Digital Fluidity - Beyond Remediation in Theory and Practice
Date: 16 August 2013
University of Exeter
PhD in Film
"What is cinema? The emergent digital era poses this question in a new and interesting way because for the first time in the history of film theory the photographic processes is challenged as the basis of cinematic representation. If the discipline of cinema studies is anchored to a specific material object a real conundrum emerges ...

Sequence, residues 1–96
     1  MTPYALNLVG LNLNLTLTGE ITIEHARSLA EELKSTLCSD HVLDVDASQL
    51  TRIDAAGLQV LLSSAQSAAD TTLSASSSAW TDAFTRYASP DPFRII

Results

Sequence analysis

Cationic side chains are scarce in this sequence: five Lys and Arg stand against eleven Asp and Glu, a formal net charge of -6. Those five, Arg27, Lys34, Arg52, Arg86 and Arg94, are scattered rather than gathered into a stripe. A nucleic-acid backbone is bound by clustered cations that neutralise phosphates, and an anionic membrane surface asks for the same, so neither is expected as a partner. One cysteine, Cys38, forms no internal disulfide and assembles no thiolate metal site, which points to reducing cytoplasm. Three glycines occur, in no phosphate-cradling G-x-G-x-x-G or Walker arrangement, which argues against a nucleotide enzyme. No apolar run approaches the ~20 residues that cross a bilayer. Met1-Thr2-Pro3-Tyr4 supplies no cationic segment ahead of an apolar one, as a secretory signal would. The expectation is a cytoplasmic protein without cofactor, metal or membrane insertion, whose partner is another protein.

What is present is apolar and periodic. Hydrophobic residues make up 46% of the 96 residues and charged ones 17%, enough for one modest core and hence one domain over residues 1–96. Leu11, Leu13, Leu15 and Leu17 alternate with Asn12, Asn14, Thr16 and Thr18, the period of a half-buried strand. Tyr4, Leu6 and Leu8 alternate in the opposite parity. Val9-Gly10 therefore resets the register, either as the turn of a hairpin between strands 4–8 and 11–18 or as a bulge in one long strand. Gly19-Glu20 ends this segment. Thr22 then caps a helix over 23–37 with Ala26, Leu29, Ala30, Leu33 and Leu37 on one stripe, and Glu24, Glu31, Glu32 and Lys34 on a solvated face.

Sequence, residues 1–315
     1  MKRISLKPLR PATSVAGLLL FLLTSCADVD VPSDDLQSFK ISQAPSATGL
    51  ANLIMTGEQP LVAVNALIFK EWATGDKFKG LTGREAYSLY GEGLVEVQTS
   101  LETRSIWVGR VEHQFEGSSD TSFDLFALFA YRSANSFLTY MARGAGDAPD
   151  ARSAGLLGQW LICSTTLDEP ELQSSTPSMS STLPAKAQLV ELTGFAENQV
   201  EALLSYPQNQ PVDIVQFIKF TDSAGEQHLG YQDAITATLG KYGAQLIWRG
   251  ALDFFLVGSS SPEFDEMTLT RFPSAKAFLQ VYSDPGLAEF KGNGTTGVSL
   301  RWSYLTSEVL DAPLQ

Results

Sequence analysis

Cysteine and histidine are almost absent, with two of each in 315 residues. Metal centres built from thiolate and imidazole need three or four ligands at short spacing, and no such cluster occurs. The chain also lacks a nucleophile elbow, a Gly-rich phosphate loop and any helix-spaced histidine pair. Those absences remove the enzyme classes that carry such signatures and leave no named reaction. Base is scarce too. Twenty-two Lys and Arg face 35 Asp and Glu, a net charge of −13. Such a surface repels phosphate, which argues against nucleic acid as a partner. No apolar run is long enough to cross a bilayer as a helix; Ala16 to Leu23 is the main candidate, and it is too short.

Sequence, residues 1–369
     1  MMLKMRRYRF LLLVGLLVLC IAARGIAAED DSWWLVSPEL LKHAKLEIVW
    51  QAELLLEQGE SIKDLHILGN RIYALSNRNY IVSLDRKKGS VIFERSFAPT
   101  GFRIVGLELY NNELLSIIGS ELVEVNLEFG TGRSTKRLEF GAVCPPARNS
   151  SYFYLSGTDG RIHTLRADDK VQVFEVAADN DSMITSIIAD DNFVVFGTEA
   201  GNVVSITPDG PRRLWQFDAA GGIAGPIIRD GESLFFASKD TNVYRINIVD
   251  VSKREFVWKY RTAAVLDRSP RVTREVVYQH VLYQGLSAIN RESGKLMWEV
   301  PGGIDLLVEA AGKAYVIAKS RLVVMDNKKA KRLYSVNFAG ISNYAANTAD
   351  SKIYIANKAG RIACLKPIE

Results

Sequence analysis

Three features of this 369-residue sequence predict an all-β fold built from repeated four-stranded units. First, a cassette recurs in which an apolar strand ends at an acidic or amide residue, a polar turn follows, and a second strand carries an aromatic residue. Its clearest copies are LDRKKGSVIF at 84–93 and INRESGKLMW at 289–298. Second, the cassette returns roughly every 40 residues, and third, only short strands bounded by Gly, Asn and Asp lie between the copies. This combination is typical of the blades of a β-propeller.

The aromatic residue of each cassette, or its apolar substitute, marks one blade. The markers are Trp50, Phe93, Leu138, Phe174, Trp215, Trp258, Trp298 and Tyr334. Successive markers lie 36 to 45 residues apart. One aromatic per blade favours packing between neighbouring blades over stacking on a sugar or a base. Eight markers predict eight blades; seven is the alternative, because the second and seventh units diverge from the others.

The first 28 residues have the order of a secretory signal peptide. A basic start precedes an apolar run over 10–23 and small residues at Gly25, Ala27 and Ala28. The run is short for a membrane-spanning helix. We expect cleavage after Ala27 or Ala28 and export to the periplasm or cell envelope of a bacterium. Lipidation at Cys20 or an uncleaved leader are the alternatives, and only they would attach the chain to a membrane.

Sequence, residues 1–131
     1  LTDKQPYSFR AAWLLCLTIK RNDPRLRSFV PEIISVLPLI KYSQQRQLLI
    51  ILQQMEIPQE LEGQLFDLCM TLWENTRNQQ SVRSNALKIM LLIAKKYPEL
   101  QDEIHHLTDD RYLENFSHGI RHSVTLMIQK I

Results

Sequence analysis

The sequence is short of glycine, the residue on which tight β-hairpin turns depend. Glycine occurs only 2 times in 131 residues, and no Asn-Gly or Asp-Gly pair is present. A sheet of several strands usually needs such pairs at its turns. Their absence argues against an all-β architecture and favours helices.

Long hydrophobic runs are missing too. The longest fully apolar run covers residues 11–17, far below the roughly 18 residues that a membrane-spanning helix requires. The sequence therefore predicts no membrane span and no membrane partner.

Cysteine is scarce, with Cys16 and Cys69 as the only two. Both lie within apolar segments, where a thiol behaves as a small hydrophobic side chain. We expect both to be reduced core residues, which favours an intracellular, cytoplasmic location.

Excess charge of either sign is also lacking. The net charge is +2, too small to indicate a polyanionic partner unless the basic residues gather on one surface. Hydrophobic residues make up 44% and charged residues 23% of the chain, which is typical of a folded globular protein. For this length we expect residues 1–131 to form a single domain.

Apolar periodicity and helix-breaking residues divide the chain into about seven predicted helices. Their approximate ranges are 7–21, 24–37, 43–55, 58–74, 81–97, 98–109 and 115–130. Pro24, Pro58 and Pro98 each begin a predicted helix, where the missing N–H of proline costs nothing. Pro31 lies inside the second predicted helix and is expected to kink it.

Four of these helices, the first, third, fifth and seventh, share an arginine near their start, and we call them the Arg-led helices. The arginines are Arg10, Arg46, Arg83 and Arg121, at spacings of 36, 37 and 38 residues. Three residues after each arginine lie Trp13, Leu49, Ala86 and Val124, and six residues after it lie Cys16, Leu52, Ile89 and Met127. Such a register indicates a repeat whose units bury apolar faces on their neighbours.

"What is cinema? The emergent digital era poses this question in a new and interesting way because for the first time in the history of film theory the photographic processes is challenged as the basis of cinematic representation. If the discipline of cinema studies is anchored to a specific material object a real conundrum emerges with the arrival of digital technologies as a dominant aesthetic and social force" (D.N. Rodowick 2007: 9). Over the past twenty-five years or more there has been a paradigm shift occurring in the manner in which moving images are conceived, acquired, produced, disseminated and consumed. This transformation of the modus operandi of production can be attributed to the overwhelming expansion and rapid advance of digital technologies. Through both critical reflection and creative practice this thesis will explore the extent to which there might be a discontinuity between analogue and digital cinematography; whether cinema itself and the basis of photographic representation have been changed, as Rodowick infers. It will draw on debates of realism, the index, and of the medium in relation to the seminal theories of new media. The thesis will introduce the term Digital Fluidity. This is the central concept that has emerged out of my research that describes how technologies utilised in production and post-production function together to enable a fluid process or mode of filmmaking, based on a logic of hybridity and technological convergence. Digital Fluidity engages with two key arguments in new media theory, namely that of ‘re-mediation’ (Bolter and Grusin, 2000), and the ‘computerisation of culture’ (Manovich, 2001). The thesis comprises of a 30 000 word dissertation and a portfolio of practical work of three films. Firstly there are two documentary shorts Grasp the Words Which Sing (2010), and Picnic Pilgrimage (2012), which deal with themes such as the perception of art in the case of the former and the mobility of both the camera and the subject in the latter. In the documentary productions the reflective focus is concentrated on the digital camera as capture device, re-appropriation of technology, and continuity with analogue production techniques. The films are produced on a modified DSLR camera with 35mm lenses and demonstrate a progression in visual style from a static camera in the case of the first film to a necessarily more mobile camera in the second and third. A longer dramatic production Not For Human Consumption (2013) is a tragic love story that explores the emotive social issue of legal high substance misuse. This film uses improvisation and experimental camera systems as well as some conventions that hold their lineage in the silent era, such as the long take and frontal framing. Here the theoretical analysis explores the integration of analogue and digital techniques and equipment by looking at the processes involved and relating these practices with the concept of Digital Fluidity. The improvised narrative was created as the film was in production – a choice that was facilitated largely by the decision to shoot digitally. The three films, although very different, are related by the connection between the processes of filmmaking undergone in each case and the thesis’ core definition of Digital Fluidity. The central research question poised within this thesis will therefore be: ‘Do digital technologies offer the filmmaker enhanced opportunity for creating new cinematic language and a more fluid mode of production than previous forms?’
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